Caesarean births have been on the rise. Is this really best for you and for your baby? Have you considered more natural options available to you?
Here are some factors that are influencing the rise of our Nation’s “Cesarean method:”
- Low priority of enhancing women’s own abilities to give birth – Care that supports physiologic labor, such as providing continuous support during labor through a doula or other companion and using hands-to-belly movements to turn a breech (buttocks- or feet-first) baby to a head-first position, reduces the likelihood of a cesarean section.
- Side effects of common labor interventions – Current research suggests that some labor interventions make a c-section more likely. For example, labor induction among first-time mothers when the cervix is not soft and ready to open appears to increase the likelihood of cesarean birth. Continuous electronic fetal monitoring has been associated with greater likelihood of a cesarean. Having an epidural early in labor or without a high-dose boost of synthetic oxytocin (“Pitocin”) seems to increase the likelihood of a c-section.
- Refusal to offer the informed choice of vaginal birth – Many health professionals and/or hospitals are unwilling to offer the informed choice of vaginal birth to women in certain circumstances. The Listening to Mothers survey found that many women with a previous cesarean would have liked the option of a vaginal birth after cesarean (VBAC) but did not have it because health professionals and/or hospitals were unwilling (Declercq et al. 2006a). Nine out of ten women with a previous cesarean section are having repeat cesareans in the current environment. Similarly, few women with a fetus in a breech position have the option to plan a vaginal birth.
- Casual attitudes about surgery and cesarean sections in particular – Our society is more tolerant than ever of surgical procedures, even when not medically needed. This is reflected in the comfort level that many health professionals, insurance plans, hospital administrators and women themselves have with cesarean trends.
- Limited awareness of harms that are more likely with cesarean section – Cesarean section is a major surgical procedure that increases the likelihood of many types of harm for mothers and babies in comparison with vaginal birth. Short-term harms for mothers include increased risk of infection, surgical injury, blood clots, emergency hysterectomy, intense and longer-lasting pain, going back into the hospital and poor overall functioning.Babies born by cesarean section are more likely to have surgical cuts, breathing problems, difficulty getting breastfeeding going, and asthma in childhood and beyond. Perhaps due to the common surgical side effect of “adhesion” formation, cesarean mothers are more likely to have ongoing pelvic pain, to experience bowel blockage, to be injured during future surgery, and to have future infertility. Of special concern after cesarean are various serious conditions for mothers and babies that are more likely in future pregnancies, including ectopic pregnancy, placenta previa, placenta accreta, placental abruption, and uterine rupture .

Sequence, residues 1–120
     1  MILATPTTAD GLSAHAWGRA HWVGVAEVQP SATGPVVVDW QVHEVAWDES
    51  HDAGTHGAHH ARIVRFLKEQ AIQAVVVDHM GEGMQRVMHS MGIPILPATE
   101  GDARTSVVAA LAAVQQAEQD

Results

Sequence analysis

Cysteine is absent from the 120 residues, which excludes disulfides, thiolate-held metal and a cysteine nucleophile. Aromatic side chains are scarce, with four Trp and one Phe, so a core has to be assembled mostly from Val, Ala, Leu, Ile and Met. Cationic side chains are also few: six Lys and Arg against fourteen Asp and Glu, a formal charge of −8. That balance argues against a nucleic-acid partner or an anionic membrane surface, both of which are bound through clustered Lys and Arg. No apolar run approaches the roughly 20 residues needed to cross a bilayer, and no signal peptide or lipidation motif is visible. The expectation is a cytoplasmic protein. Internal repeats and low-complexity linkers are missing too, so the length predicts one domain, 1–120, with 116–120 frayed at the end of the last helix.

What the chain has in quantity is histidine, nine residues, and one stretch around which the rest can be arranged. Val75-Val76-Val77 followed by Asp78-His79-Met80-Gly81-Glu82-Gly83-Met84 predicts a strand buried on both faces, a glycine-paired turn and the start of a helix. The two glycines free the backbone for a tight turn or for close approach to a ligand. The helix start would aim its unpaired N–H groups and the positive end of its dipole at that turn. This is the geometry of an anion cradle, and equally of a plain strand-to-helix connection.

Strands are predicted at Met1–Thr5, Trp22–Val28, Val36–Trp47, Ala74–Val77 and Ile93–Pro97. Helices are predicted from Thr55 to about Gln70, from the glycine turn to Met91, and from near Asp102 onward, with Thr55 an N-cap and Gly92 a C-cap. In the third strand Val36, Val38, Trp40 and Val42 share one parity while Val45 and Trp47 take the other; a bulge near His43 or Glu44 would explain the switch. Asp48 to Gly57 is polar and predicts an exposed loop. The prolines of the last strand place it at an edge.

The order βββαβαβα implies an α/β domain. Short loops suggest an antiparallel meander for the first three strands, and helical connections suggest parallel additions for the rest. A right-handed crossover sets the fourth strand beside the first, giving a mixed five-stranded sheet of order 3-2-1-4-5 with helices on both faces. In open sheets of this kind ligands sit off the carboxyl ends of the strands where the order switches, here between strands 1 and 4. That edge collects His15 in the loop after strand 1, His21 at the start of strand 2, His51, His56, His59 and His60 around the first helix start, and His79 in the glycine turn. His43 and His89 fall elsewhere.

- Providers’ fears of malpractice claims and lawsuits – Given the way that our legal, liability insurance, and health insurance systems work, caregivers may feel that performing a cesarean reduces their risk of being sued or losing a lawsuit, even when vaginal birth is optimal care.
- Incentives to practice in a manner that is efficient for providers – Many health professionals are feeling squeezed by tightened payments for services and increasing practice expenses. The flat “global fee” method of paying for childbirth does not provide any extra pay for providers who patiently support a longer vaginal birth. Some payment schedules pay more for cesarean than vaginal birth. A planned cesarean section is an especially efficient way for professionals to organize hospital work, office work and personal life. Average hospital charges are much greater for cesarean than vaginal birth, and may offer hospitals greater scope for profit.
Outside the realms of medical necessity, women have been giving birth naturally since the dawn of (wo)man. Now I can not be certain since I was not there but I am pretty sure Biblical Eve did not have any medical intervention. Just like I tell my patients, I will blog this: “Our bodies are not faulty by design, so we need to give it more credit where credit is due”.
Moms-to-Be: You carry, eat, sleep, think and feel your baby – you know your baby and you know what it needs. So why let someone who does not have that intimate connection, that special bond, tell you when, where and how you should deliver.